Yukon Information and Privacy Commissioner
Yukon Information and Privacy Commissioner issues comments on improvements to HIPMA
Thu, Sep 02, 2021
WHITEHORSE – The Information and Privacy Commissioner (IPC) for the Yukon, Diane McLeod-McKay, has issued her comments and recommendations regarding changes to the Health Information Privacy and Management Act (HIPMA). HIPMA, which came into force in 2016, is currently under review by the Government of Yukon. The legislation requires a review to have begun by August 2020.
In her comments, McLeod-McKay highlights that:
“The social and technological context for the provision of healthcare has changed since the inception of HIPMA. The COVID-19 pandemic has given rise to or accelerated developments that impact PHI [personal health information] such as remote healthcare, digital contact tracing and exposure notification, the idea of digital vaccination passports and, coincidentally, accelerated adoption of underlying technologies such as cloud computing, the internet of things (IOT), and artificial intelligence (AI).”
“The digital transformation has had a significant impact on individuals’ privacy rights. The complex nature of data processing today, including through the use of AI, is a game changer. Today vast amounts of PHI are being processed by health care providers in an environment that is extremely complex and opaque. It is no longer reasonable in this environment to leave it up to individuals to fight for their rights in court as in doing so they would be at a significant disadvantage in trying to advance their case with limited knowledge about this complex environment.”
“The overall goal of my 18 recommendations is to protect the privacy rights of Yukoners in this environment by ensuring that HIPMA includes the proper controls to allow innovation while protecting privacy,” said McLeod-McKay.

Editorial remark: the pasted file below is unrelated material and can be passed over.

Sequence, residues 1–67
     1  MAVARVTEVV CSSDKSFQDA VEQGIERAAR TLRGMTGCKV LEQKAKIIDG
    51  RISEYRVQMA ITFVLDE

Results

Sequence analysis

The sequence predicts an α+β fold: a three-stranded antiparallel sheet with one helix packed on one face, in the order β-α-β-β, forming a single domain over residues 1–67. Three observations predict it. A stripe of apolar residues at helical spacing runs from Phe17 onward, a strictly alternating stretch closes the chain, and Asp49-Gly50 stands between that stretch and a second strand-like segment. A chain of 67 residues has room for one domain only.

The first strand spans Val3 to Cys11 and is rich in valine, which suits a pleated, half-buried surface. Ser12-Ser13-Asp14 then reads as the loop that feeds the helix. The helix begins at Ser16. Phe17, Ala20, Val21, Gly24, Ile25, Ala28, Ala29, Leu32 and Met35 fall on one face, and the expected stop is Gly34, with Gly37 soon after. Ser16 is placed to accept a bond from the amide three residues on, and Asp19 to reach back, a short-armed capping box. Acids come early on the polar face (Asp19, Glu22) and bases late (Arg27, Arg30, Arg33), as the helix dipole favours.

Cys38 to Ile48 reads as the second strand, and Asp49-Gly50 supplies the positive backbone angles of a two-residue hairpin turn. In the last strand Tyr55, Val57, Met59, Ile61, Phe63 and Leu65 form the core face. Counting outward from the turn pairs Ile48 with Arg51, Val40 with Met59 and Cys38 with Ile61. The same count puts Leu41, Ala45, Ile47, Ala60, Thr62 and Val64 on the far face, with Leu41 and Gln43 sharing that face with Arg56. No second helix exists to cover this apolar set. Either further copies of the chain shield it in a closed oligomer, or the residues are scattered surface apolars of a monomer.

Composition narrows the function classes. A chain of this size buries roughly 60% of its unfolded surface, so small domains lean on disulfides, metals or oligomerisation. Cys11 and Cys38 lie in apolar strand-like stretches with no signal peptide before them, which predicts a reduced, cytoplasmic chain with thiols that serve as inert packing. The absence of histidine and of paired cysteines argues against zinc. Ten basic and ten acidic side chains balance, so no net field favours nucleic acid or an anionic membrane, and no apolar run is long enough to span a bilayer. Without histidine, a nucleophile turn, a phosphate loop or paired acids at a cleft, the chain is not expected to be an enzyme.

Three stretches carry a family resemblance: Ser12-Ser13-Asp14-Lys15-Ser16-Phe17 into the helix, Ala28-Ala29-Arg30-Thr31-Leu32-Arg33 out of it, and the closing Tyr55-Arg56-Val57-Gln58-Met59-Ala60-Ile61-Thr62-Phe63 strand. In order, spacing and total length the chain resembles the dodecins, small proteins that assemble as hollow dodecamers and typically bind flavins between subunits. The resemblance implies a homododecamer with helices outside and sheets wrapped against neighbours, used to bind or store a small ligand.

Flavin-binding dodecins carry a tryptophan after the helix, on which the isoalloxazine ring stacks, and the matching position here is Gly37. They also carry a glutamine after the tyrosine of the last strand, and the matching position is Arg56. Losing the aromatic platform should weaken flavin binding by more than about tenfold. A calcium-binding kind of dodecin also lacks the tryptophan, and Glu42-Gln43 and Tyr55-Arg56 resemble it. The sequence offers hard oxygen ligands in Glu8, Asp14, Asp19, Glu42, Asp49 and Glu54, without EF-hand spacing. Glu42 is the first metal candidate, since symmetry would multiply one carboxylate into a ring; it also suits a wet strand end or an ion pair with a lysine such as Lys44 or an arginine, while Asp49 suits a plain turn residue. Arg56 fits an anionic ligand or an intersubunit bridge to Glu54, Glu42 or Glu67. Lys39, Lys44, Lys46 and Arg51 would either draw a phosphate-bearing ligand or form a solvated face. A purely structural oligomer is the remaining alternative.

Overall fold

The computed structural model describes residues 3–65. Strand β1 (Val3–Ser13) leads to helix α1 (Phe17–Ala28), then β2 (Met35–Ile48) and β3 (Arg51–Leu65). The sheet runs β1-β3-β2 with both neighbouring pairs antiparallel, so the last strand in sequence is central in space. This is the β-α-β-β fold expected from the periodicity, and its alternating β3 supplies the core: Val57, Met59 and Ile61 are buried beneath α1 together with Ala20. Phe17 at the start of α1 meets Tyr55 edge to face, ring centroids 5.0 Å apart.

In light of the digital environment where personal health information is being processed, the IPC made recommendations to strengthen the powers of the IPC to enforce the Act including that she be given order-making powers. She also recommended enhanced security measures to better protect personal health information in this environment from a breach.
To promote compliance, she made recommendations to expand the IPC’s authority to assist custodians in meeting their obligations under the Act, including through such activities as conducting compliance audits. To deter non-compliance, she recommended stronger offence and penalty provisions.
She also made a number of recommendations on the need to clarify the scope and application of the Act and some of its provisions.
The Ombudsman, Information and Privacy Commissioner, and Public Interest Disclosure Commissioner is an independent officer of the Yukon Legislative Assembly. For more information, please go to www.yukonombudsman.ca.
To download a PDF of this news release, click here.
Office of the Yukon Ombudsman, Information and Privacy Commissioner & Public Interest Disclosure Commissioner
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